Genotoxicity in bone marrow cells in vivo

Nucleus anomaly test in Syrian hamsters (Report no. 801302, Ciba-Geigy Ltd, CH-Basel, January 20, 1982)

For the nucleus anomaly test in somatic interphase nuclei, Syrian hamsters were given daily doses of 360, 720 or 1440 mg/kg bw for two consecutive days. The animals were sacrificed after the second application. Groups consisted of six female and six male hamsters. Bone marrow smears were prepared on slides. The slides of each three male and three female animals were evaluated. For this, 1000 bone marrow cells were scored for single jolly bodies, fragments of nuclei in erythrocytes, micronuclei in erythroblasts or leucopoietic cells and polyploidy cells. Control animals were treated with the vehicle or cyclophosphamide. In contrast to cyclophosphamide, the test substance (approx. 90-95% act. ingr.) did not cause an increase in anomalies in bone marrow cells. There is no documentation of systemic toxicity. In the separate acute oral toxicity study with Syrian hamsters, the LD50 was determined to be 4318 mg/kg bw. At necropsy, no gross organ changes were observed. In mice, the LD50 was determined to be 1592 mg/kg bw, and there were no gross organ changes upon necropsy.

From that it is deduced that oral exposure of Syrian hamsters to TK 11 181 results in systemic availability.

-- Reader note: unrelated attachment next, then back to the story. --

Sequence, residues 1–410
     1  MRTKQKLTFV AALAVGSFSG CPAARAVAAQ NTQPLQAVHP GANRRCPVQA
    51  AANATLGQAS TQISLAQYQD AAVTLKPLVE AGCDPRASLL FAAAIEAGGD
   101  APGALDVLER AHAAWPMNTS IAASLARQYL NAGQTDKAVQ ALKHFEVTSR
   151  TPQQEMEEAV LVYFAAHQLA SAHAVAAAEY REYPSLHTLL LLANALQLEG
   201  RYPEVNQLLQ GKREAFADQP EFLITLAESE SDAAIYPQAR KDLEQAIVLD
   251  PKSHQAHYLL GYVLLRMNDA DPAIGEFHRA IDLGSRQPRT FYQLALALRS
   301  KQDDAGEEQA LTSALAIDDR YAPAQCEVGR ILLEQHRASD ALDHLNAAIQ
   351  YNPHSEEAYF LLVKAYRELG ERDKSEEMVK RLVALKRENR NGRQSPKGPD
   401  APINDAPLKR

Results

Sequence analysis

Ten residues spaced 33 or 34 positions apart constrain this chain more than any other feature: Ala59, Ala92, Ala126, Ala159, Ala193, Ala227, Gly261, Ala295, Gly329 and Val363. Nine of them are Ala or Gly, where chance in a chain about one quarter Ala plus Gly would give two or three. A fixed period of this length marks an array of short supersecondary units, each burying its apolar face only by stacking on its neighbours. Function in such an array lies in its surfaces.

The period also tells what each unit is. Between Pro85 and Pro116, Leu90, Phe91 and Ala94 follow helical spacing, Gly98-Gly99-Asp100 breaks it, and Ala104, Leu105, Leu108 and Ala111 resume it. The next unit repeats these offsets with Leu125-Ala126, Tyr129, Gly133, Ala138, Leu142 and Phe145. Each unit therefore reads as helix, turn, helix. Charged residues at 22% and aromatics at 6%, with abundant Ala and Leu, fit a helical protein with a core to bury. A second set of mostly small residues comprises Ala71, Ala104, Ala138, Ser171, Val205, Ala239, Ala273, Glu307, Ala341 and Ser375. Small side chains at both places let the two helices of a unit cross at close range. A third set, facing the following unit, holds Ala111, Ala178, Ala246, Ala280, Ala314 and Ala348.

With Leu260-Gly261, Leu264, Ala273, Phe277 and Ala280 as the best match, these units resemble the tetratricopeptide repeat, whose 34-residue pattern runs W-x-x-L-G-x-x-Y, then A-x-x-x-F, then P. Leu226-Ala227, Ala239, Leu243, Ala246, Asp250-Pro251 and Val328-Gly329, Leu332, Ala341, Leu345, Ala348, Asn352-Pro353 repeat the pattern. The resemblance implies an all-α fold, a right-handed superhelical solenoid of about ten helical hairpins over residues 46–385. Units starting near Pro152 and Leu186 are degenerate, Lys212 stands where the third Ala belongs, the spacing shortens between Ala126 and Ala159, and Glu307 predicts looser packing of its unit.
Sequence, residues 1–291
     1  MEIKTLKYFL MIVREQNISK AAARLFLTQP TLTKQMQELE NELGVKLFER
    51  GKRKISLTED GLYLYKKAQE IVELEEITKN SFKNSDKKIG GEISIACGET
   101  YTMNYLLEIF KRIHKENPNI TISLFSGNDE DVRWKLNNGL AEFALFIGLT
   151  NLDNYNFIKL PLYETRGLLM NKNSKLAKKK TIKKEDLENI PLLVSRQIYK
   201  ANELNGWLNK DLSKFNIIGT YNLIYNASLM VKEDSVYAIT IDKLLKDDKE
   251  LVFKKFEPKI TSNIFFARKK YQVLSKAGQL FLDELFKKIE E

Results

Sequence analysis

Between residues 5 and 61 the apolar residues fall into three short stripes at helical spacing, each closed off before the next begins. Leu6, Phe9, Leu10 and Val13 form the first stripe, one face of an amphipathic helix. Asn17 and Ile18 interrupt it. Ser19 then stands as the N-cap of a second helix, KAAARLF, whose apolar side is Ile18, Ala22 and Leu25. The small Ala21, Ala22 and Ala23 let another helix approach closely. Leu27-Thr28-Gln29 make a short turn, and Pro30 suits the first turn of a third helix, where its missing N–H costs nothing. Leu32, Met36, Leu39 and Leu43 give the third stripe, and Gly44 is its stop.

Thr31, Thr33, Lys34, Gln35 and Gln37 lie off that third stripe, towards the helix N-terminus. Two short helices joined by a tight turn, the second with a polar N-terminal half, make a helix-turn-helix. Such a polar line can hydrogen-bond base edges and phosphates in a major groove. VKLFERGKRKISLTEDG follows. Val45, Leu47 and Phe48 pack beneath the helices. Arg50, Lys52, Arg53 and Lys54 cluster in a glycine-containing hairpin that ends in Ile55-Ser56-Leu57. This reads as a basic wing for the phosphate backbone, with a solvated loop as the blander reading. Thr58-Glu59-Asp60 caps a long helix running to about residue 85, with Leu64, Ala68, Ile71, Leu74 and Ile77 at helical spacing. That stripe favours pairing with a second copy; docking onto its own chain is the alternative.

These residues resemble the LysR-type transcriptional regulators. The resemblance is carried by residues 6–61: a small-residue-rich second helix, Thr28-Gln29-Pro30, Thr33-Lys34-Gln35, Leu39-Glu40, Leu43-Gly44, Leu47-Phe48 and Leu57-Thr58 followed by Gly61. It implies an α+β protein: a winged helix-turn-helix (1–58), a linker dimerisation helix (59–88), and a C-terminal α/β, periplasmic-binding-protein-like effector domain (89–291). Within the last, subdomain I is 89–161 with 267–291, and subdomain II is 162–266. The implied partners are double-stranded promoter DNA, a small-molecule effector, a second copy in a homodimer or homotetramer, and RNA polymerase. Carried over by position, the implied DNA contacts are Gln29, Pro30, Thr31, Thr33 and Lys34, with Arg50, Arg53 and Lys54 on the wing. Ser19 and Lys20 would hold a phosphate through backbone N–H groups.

Conclusion

The test substance induced frameshift mutations in the absence of a metabolic system in two Ames tests performed with different batches (91% act. ingr. as well as 95% act. ingr.). Mutagenicity was reduced, but not abolished by the presence of rat liver homogenate supplemented with cosubstrates. Considering the size, charge and stability of the azo dye and the fact that the increase in mutant frequency occurred at rather high concentrations, it is suspected that the mutagenicity is caused by a minor component rather than the azo dye itself. Three putative by- or degradation products were all determined to be mutagenic in separate experiments. They gave positive results preferably in strains responsive to frameshift mutagens both in the presence and absence of a metabolic system.